Santa Clara, Calif. – While local search presents a rich opportunity, cashing in on that promise is going to be a challenge, according to industry players. They suggested teamwork between online yellow pages providers and search engines may be one solution.
The discussion came at a two-day conference on local search put on by the Kelsey Group in Silicon Valley this week, where more than 400 people turned up to hear about and discuss the issues. Local search is believed to be one of the next growth areas in search engine marketing, with the Kelsey Group expecting local paid search advertising in the U.S. to reach $2.5 billion by 2008.
“It is not going to be an easy path. Local search means changing peoples’ behavior, and that’s tough,” said Safa Rashtchy, a Piper Jaffray analyst, speaking at the “Drilling Down on Local Search” conference.
“The studies presented here show there is still hesitancy out there. Still, I’m convinced it’s a big opportunity,” Rashtchy said.
The research Rashtchy referred to was a Kelsey Group study presented at the conference that focused on 460 local small business advertisers surveyed in February and March 2004. Of the 460, a total of 185 used, or were interested in using, pay-per-click local search. The remaining 275 were undecided or not interested.
Of the “not interested” group, 51 percent said such advertising “would not work for my business.” Thirty-four percent of those in this category said paid search is for larger businesses. Only 6 percent believed pay-per-click is extremely cost effective.
Like Rashtchy, consultant Ken Clark sees great potential in local search. To Clark, sales is the key component that will make the difference in getting advertisers to sign on the dotted line.
“Who is going to go visit those businesses and work with them? The logical answer is the yellow pages guy. Somebody has to make the sales call,” Clark said
And therein lies the dilemma. Major search engines such as Google, Overture, Yahoo and MSN have a pricing model, pay-per-click, as well as search traffic, but no local sales forces in place to sell small to medium-sized businesses.
It would seem that online yellow pages providers , with their existing sales forces, would be in a prime position. But “people don’t think of SuperPages in terms of searching for services or goods,” admitted Verizon’s Dana Benton Russell, referring to the company’s online yellow pages site. Also, though Verizon has teamed with FindWhat.com to offer ads using the popular pay-per-click model, many yellow pages companies do not yet offer that option.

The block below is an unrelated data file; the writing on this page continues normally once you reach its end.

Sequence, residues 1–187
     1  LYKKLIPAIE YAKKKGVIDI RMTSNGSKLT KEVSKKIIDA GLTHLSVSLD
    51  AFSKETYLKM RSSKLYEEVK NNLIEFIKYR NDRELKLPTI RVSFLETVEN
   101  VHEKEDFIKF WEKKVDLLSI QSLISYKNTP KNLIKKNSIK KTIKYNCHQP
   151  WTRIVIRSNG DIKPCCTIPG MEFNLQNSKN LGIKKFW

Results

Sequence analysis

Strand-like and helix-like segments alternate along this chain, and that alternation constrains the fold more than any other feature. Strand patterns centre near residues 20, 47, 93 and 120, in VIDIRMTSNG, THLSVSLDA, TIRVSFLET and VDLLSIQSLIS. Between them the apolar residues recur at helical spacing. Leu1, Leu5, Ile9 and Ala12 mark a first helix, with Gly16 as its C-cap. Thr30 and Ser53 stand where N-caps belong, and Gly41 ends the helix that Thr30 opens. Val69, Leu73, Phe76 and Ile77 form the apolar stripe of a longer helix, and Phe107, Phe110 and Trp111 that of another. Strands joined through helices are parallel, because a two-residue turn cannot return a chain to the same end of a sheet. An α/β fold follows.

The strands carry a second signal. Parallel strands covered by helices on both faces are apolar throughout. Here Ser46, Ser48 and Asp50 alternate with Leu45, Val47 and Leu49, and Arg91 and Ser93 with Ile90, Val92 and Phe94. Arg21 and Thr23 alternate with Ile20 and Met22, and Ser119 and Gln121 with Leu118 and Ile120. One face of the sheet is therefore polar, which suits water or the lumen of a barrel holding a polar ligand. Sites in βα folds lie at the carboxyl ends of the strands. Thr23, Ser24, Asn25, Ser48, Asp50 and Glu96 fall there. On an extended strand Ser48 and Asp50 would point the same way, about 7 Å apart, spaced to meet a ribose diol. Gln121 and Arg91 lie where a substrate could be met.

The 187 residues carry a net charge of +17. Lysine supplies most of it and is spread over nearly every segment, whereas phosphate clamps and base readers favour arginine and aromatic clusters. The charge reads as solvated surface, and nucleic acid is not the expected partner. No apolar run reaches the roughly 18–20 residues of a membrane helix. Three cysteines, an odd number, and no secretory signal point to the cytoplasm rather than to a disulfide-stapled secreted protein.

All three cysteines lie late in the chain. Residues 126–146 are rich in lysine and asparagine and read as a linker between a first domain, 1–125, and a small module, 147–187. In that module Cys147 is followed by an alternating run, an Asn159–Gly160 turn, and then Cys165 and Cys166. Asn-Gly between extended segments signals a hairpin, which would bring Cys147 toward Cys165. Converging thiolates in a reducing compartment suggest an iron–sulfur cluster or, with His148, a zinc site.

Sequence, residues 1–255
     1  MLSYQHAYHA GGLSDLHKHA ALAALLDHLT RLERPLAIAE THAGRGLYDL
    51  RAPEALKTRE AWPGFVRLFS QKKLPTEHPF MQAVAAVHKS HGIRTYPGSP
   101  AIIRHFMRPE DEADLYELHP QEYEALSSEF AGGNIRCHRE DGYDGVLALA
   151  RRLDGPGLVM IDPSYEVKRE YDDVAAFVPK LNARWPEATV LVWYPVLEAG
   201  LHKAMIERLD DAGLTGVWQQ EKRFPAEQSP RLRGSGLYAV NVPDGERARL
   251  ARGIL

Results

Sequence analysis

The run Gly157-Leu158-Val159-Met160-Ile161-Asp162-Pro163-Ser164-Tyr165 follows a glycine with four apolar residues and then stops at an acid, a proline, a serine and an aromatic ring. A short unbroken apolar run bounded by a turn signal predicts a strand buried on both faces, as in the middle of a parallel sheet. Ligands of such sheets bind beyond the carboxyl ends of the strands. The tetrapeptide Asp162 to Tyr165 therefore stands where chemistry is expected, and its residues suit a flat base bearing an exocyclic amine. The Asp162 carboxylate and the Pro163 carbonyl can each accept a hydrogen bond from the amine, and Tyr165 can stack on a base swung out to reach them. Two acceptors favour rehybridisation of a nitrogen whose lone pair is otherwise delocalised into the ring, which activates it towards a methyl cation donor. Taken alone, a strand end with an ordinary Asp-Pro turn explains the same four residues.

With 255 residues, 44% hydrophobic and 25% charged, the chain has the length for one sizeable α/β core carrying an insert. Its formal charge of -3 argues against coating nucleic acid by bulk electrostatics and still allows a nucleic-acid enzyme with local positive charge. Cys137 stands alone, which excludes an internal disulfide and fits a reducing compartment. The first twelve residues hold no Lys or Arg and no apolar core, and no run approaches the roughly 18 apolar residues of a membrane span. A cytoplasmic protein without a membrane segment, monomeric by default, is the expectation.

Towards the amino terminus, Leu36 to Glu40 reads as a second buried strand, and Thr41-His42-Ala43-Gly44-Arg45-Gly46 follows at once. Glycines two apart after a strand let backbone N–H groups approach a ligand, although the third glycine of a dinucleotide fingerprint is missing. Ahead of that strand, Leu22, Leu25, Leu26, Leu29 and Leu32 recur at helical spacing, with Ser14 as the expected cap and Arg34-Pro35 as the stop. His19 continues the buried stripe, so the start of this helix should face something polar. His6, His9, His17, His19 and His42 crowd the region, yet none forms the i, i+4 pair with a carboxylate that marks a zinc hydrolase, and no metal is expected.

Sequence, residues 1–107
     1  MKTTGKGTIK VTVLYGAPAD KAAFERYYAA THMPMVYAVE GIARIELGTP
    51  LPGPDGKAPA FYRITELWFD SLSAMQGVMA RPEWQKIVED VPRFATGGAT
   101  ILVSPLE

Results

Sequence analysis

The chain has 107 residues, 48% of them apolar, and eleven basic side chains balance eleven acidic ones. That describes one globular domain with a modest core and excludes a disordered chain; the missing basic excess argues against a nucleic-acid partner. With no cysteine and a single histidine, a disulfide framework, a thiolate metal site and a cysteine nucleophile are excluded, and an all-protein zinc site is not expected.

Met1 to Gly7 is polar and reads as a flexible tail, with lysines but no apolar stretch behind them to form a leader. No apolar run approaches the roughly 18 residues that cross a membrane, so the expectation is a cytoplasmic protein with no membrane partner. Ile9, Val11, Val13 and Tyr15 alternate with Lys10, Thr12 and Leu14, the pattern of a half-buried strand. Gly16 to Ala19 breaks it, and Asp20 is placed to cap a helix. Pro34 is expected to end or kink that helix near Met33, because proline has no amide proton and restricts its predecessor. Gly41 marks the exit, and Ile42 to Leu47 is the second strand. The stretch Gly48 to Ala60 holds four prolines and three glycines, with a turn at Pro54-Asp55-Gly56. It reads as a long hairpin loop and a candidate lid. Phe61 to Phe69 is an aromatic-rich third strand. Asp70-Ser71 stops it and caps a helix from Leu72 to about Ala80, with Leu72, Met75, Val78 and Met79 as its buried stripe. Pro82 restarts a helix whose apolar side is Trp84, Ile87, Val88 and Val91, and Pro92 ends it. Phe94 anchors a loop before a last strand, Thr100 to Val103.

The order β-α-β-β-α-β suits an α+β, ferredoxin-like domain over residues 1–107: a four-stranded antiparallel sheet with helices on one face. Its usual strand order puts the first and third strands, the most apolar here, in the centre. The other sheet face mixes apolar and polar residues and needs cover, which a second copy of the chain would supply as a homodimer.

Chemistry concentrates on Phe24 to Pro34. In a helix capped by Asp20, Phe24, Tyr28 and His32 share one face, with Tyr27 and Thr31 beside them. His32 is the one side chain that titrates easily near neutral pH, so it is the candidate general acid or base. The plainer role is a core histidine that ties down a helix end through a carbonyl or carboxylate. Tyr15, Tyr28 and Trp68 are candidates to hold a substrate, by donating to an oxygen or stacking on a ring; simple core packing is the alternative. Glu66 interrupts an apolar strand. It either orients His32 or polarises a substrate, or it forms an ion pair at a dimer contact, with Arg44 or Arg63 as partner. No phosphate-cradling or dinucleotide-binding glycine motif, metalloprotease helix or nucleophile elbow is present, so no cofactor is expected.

For these reasons, partnerships between the two groups were a lively subject of discussion at the conference. Many of the major search engines already use yellow pages data for listings. Google’s beta version of local search,which launched in mid-March, does so, for example, as does Yahoo’s SmartView.
“As we move forward to penetrate the small business market we’re looking at partnering with yellow pages, resellers, those kinds of groups,” said David Means of Overture. And during a presentation on direct sales, Warren Kay, Overture’s director of sales for local search, said, “A media sales partner is a good idea.”
Regardless of what approach is taken, conference participants agreed that there is “no silver bullet,” as Overture’s Means put it. “No one can definitely say what is going to be.”
Amazon Prime was launched in 2005 as an express shipping membership program and more than a decade later it has tens of millions of subscribers who enjoy a lot more than just free, fast shipping on millions of products Amazon sells.
Here we take a look at sales and abandonment data from the 2016 Christmas shopping season.
Facebook isn't just the world's largest social network. In the past two years, it has also become one of the world's most popular online destinations for consuming video content.
This past November Google announced that it was starting to test indexing their mobile index as the primary index above desktop.